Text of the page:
Martian clay minerals might have a much hotter origin

September 12, 2012, California Institute of Technology

(Phys.org)—Ancient Mars, like Earth today, was a diverse planet shaped by many different geologic processes. So when scientists, using rovers or orbiting spacecraft, detect a particular mineral there, they must often consider several possible ways it could have been made.

Several such hypotheses have been proposed for the formation of , which have been detected from orbit and are sometimes considered indicators that the surface has, in the past, been altered by liquid water. Now, publishing in the journal Nature Geoscience, a team of French and American scientists led by Alain Meunier of the Université de Poitiers and including Caltech's Bethany Ehlmann, has suggested a new, very different possibility.

Previously, planetary scientists considered two hypotheses—both offering the potential for once-habitable environments on Mars—that explain clay . One holds that over long enough periods, contact with liquid water can alter igneous rock, such as basalt, producing clays; the other proposes that waters flowing through the martian subsurface can produce clays through a hydrothermal process.

In the new paper, the authors suggest that the clay minerals instead might have precipitated directly from scalding hot magmas.

"This new hypothesis is less exciting for astrobiology because life could not survive in those types of conditions," says Bethany Ehlmann, an assistant professor of at Caltech and a research scientist at the Jet Propulsion Laboratory. "But all three hypotheses need to be on the table as we consider a given clay-bearing deposit. Each hypothesis has a different implication for the history and of ."

Ehlmann says that scientists hope to use the Curiosity rover and its suite of instruments to study the clays found in sediments at Gale Crater—the that the robotic geologist was sent to explore. However, she notes, clays are typically found in even older igneous bedrock on Mars. Future rover missions would need to study clay formation in that ancient crust to rigorously test the various clay formation hypotheses. "There's more exploration that needs to be done before we understand all the mysteries of Mars," she says.

Explore further: Early Mars may not have been hospitable after all: study

Related Stories

New analysis of clay deposits in ancient Martian Lakes

March 16, 2012

Mars was once a much wetter world than it is now, with hot springs, rivers, lakes and perhaps even oceans. Just how wet exactly, and for how long, is still a subject of considerable debate. One vital clue comes from clay ...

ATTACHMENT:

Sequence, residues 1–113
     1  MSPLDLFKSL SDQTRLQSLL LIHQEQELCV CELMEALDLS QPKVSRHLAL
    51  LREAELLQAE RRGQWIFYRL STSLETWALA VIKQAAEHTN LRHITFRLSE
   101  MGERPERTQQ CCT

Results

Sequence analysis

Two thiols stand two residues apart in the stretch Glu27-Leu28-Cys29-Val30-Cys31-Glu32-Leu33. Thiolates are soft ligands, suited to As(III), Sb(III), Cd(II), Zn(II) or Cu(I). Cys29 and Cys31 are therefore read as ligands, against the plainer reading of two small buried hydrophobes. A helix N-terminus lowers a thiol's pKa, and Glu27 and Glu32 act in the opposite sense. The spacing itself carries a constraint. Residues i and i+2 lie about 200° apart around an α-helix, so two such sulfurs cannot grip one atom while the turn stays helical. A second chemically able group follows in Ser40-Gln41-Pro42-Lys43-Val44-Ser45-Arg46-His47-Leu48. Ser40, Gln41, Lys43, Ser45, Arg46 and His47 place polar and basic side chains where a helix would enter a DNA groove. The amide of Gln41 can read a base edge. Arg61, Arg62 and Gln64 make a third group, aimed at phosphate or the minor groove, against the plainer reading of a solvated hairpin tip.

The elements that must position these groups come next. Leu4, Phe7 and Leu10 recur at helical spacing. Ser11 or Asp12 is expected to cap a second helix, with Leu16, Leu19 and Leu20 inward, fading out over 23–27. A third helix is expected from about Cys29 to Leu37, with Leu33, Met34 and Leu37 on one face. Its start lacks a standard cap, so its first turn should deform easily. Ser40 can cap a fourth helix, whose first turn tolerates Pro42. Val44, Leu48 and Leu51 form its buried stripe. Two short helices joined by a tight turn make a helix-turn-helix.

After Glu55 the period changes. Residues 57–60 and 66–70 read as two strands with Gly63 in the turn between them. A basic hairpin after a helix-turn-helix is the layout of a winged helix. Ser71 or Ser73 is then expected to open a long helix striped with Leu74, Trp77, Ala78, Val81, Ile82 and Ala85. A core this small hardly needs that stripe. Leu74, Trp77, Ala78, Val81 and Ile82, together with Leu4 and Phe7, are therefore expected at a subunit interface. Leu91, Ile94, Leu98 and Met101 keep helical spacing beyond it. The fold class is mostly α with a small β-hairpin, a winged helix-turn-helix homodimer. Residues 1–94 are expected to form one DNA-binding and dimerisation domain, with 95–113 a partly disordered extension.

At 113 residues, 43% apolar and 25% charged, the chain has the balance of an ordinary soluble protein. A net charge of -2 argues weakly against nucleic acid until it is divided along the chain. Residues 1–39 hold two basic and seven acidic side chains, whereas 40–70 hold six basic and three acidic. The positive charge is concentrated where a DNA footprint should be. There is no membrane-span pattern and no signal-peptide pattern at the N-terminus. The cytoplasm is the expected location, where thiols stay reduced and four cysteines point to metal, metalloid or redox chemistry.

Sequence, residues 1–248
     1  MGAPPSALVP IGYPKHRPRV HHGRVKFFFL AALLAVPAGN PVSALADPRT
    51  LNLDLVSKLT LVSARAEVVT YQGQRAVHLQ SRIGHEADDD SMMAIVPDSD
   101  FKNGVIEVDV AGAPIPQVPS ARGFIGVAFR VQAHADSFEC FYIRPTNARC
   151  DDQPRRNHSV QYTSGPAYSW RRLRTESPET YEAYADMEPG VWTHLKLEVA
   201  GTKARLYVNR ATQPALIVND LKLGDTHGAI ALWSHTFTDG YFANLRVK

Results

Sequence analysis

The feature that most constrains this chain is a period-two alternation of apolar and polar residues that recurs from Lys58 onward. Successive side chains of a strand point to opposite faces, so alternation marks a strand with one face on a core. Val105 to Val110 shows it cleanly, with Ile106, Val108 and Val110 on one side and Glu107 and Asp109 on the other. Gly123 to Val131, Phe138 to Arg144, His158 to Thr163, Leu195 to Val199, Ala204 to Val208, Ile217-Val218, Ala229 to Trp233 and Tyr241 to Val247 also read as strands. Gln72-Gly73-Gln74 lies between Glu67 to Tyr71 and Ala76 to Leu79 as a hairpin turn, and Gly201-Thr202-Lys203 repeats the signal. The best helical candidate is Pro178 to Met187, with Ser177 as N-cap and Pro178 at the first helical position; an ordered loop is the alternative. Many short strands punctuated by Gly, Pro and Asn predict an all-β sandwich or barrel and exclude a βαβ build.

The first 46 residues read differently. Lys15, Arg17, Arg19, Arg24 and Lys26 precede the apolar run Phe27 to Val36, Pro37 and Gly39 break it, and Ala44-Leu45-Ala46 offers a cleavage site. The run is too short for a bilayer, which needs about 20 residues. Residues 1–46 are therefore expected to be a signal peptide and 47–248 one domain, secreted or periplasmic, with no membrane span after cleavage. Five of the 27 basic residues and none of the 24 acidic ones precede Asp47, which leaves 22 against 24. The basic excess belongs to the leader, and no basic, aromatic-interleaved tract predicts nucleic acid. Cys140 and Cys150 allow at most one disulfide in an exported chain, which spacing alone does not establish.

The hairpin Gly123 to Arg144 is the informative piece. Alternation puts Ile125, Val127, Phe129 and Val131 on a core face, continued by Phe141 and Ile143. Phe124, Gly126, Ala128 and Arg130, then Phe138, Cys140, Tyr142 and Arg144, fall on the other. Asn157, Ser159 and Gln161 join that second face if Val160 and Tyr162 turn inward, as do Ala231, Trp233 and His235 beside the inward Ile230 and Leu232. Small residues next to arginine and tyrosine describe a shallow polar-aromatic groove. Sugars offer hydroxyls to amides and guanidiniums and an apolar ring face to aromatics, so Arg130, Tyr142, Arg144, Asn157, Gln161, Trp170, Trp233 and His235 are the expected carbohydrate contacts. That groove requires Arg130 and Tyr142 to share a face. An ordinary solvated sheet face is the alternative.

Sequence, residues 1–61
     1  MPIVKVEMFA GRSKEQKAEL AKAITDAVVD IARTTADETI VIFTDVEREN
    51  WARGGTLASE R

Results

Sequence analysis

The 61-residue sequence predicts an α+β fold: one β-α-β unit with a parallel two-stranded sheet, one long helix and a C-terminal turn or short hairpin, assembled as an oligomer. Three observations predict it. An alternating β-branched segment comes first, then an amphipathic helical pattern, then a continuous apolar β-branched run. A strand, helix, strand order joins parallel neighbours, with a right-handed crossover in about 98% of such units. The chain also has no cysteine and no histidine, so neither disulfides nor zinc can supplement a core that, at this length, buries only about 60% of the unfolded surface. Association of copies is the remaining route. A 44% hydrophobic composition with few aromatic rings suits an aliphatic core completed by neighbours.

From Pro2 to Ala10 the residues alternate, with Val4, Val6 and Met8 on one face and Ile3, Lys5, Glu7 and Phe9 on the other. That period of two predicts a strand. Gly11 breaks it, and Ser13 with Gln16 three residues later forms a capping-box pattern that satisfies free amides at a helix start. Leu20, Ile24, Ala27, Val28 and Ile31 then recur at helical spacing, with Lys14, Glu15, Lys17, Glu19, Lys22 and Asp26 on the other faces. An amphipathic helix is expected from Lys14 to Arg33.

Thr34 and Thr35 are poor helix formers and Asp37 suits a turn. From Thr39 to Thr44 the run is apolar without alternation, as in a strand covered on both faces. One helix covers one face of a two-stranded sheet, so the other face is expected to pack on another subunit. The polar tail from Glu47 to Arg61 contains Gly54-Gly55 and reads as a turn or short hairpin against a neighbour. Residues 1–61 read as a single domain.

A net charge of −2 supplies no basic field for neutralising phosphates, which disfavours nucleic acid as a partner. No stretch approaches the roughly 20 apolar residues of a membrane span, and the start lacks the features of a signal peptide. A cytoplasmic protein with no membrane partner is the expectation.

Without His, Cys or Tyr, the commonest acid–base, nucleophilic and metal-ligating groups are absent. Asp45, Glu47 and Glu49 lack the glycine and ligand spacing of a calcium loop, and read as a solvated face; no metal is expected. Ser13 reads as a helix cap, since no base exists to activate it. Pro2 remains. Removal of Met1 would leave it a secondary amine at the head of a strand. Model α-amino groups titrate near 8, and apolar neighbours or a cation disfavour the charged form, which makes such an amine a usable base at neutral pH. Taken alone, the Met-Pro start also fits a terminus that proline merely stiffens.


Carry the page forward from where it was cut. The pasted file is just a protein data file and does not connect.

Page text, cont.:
Turning glass into clay

July 6, 2012

The magic mineral and microbial processes that transform volcanic glass into clay have been identified, adding important knowledge to how clay is formed.

Rover arrives at new site on martian surface

August 10, 2011

(PhysOrg.com) -- After a journey of almost three years, NASA's Mars Exploration Rover Opportunity has reached the Red Planet's Endeavour crater to study rocks never seen before.

Recommended for you

Japan space robots start asteroid survey

September 22, 2018

A pair of robot rovers have landed on an asteroid and begun a survey, Japan's space agency said Saturday, as it conducts a mission aiming to shed light on the origins of the solar system.

First to red planet will become Martians: Canada astronaut

September 22, 2018

Astronauts traveling through space on the long trip to Mars will not have the usual backup from mission control on Earth and will need to think of themselves as Martians to survive, Canada's most famous spaceman half-jokingly ...

Three NASA missions return first-light data

September 21, 2018

NASA's continued quest to explore our solar system and beyond received a boost of new information this week with three key missions proving not only that they are up and running, but that their science potential is exceptional. ...

0 comments

Please sign in to add a comment. Registration is free, and takes less than a minute. Read more

Click here to reset your password.
Sign in to get notified via email when new comments are made.